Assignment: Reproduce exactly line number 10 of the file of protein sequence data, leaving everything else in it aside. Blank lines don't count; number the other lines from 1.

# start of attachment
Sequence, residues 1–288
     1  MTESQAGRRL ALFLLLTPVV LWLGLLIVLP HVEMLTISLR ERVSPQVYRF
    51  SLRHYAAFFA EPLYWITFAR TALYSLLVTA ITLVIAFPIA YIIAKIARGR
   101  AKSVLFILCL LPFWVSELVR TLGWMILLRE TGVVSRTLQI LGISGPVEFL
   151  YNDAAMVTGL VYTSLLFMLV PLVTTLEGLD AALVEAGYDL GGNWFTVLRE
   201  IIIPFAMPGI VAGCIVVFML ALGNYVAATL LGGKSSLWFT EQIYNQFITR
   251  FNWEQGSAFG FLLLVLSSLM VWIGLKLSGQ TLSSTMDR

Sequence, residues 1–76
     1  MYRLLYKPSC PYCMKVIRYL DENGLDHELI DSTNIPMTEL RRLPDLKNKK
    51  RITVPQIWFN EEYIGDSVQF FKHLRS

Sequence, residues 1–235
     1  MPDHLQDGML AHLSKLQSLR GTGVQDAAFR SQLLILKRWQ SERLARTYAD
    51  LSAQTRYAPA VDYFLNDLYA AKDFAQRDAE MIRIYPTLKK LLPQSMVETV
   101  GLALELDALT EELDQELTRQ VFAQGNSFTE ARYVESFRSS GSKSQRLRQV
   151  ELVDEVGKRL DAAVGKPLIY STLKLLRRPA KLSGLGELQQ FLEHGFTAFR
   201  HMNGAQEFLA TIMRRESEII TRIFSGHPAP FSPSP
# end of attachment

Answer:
    51  RITVPQIWFN EEYIGDSVQF FKHLRS